What he says +1. In fact I found that I find a combination of bullet weight and seating depth that works and then lock-up the die tight, stick a paper label around ith, write on the bullet it is adjusted for and don't touch it.

    That's the beauty of RCBS, Lyman, Redding lock rings. You can lock-up the die tight yet it will still screw in and out of your press. If I then want to set up another bullet weight I just buy another, on its own, seating die and set that up the same way.

    For my .270 WCF I had two dies so set. A 140 grain and a 150 grain. For my .303 Enfield just one die set up that way as I only ever shot 174 grain FMJ.

    You can't get that precision repeatability with Lee dies with their factory lock ring. Regardless of what the Lee "fan boys" will tell you their lock rings won't allow that method of reloading. That true benefit of being able to unscrew a die fully set up from the press and screw it back in with the seating and crimping (or not) remaining absolutely as last used.

    If you do it that way you truly don't need micrometer dies. Also learn to read your die. How many turns, or part turns, of the seating plug alter the seating depth of that bullet. Again Lee dies that don't have a screw slot on the seating plug don't offer that visual check on if you've turned 1/8th turn or 1/4th turn and so on.

    I like Lee Factory Crimp dies but I don't rate their rifle loading dies at all because of this little benefits that RCBS, Lyman and Redding have by the nature of their lock ring and seater plug set up. If you do get them chuck the lock rings away and get third party lock rings that have a screw to tighten them around the die.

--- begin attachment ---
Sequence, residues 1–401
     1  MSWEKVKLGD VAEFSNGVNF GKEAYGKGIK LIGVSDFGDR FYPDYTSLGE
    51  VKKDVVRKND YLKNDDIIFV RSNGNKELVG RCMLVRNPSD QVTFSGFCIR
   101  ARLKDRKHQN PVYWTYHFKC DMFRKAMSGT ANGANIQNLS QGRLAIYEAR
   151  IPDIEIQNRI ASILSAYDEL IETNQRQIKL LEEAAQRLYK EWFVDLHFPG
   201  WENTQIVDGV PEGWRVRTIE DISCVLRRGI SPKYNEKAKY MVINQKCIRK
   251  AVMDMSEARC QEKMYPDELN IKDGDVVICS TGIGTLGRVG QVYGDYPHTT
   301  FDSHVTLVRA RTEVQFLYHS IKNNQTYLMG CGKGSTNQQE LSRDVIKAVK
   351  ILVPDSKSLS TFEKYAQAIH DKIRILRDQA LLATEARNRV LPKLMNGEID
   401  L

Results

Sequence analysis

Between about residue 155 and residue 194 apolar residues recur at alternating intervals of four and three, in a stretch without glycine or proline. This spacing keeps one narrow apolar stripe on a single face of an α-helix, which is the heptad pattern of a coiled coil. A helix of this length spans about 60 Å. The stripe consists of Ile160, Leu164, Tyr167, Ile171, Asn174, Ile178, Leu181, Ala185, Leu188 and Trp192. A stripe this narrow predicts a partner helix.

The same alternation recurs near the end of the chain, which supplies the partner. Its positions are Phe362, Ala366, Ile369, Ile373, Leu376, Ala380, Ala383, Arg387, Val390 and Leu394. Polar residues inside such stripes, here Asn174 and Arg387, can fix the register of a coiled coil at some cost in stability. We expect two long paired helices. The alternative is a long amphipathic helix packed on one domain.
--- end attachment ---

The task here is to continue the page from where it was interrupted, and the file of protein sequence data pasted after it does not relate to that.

And I don't like Hornady's version of Forster/Bonanza dies with the drop down sleeve either. It's a bloody PITA!
    Last edited by enfieldspares; 21-09-2016 at 22:17.

  6. #6
    Thank you all, especially Enfield!

    I I think I will try to look on YouTube of how exactly they are used.

    I assume with with the micrometer seating die I can set exactly the seating depth. Assuming on others you adjust it to approx, seat the bullet, remove it and measure the over all length ?

    Was wondering how you would repeatedly measure the depth your seating to if swapping the dies over for each stage etc!

  7. #7
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    To adjust seating depth you turn in the bullet seating plug. What I do is seat the bullet 'out' then gradually with no actual round in the die turn the scree 'in'. Then run the cartridge up in to it. Take it out and measure it. Repeat until desired overall length achieved.